The circuit above combines edge detection with use of the shutdown pin of the LTC6259. R2 and R3 bring in a divided down copy of the supply voltage as a reference into the positive terminal. The op amp forces this voltage on the sense resistor RSENSE in “LED ON” operation. In that sense this circuit is similar to the one above.
This circuit hijacks the shutdown pin. C2 can AC couple fast action signals into the signal VC. Hence when the gate voltage VG increases when “LED ON” begins, VC will suddenly rise. VC connects to the shutdown pin; a rising edge on the shutdown pin enables the LTC6259, which is already active, to stay on. However, M3 is also on while M1 is on, and as a result will work with R9 to charge C2 slowly until VC falls below the shutdown threshold. At that moment, the active low shutdown kicks in, and the LTC6259 turns off. A negative falling VG voltage again feeds through C2, and a falling VC and hence a falling shutdown pin voltage keeps the circuit in an “LED OFF” state for some time. M3 turns off, and C2 discharges until VC is high enough to reactivate the LTC6259.
It may seem a bit odd to develop such a circuit when a microprocessor or a LTC6992 can provide on-off capability in combination with a single MOSFET and resistor. The problem with those circuits, however, is the lack of control over the LED current. In the circuit of this application, a voltage is controlled across a sense resistor. There is no dependence on the LED voltage in how much current drives the LED. And generation of the on-off, or blinking, comes with the addition of only a handful of low cost components.
It is interesting to note that the LED current depends on the supply in this implementation in as much as the supply feeds through R2 and R3 to create a reference. The supply also figures into the time of the on and off cycle since the supply powers the edge detection and relaxation part of the circuitry. When the supply falls, the LED current drops and the cycle time increases. This change of behavior can help in battery powered LED blinking applications to predict end of life.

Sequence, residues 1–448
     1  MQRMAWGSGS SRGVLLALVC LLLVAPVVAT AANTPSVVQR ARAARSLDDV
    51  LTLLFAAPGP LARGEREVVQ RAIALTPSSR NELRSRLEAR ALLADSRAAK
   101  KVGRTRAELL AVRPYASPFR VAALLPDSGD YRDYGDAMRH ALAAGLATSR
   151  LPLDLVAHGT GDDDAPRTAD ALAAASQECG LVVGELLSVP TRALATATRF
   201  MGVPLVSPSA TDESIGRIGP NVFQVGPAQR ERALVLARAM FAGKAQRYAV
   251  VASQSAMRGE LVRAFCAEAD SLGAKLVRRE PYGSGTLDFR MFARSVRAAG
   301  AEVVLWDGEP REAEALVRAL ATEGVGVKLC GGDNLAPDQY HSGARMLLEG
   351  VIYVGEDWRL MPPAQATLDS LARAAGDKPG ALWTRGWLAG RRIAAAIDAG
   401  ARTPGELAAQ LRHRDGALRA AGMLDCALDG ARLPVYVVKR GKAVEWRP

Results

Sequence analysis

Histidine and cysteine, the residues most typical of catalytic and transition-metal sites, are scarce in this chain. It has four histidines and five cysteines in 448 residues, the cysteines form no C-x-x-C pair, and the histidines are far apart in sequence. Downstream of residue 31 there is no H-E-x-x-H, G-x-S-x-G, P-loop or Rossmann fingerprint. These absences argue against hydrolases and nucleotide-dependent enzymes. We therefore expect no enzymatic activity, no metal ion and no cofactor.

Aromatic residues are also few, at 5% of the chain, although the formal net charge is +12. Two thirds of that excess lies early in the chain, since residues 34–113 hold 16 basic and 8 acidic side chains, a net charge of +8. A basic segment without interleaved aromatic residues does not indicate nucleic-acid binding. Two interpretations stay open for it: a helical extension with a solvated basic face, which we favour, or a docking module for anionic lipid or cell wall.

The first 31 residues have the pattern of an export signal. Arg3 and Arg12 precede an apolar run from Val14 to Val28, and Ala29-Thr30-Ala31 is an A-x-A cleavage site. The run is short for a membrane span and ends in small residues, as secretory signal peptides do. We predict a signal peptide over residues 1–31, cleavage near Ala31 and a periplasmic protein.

The figure shows the sense resistor voltage (red) and the shutdown pin voltage (blue). The shutdown voltage is tied to VC; the gate drive couples through C2 as already described.
Components RF and CF may apparently slow edges down greatly. Adding this much delay is not essential, but it can help to smooth out any hiccups that occur when the part goes through a startup sequence after the shutdown pin goes inactive. 47µs as a time constant is insignificant in the time scale of the blinking (10’s or 100’s of ms). The 47µs is much smaller than any time constant associated with C2 and its resistors.
The LTC®6258/LTC6259/LTC6260 are single/dual/quad operational amplifiers with low noise, low power, low supply voltage, and rail-to-rail inputs and outputs. They are unity gain stable with or without capacitive loads. They feature 1.3MHz gain-bandwidth product, 0.24V/μs slew rate while consuming only 20μA of supply current per amplifier operating on supply voltages ranging from 1.8V to 5.25V. The combination of low supply current, low supply voltage, high gain bandwidth product and low noise makes the LTC6258 family unique among rail-to-rail input/output op amps with similar supply current. These operational amplifiers are ideal for power efficient applications.
Tools & Simulations
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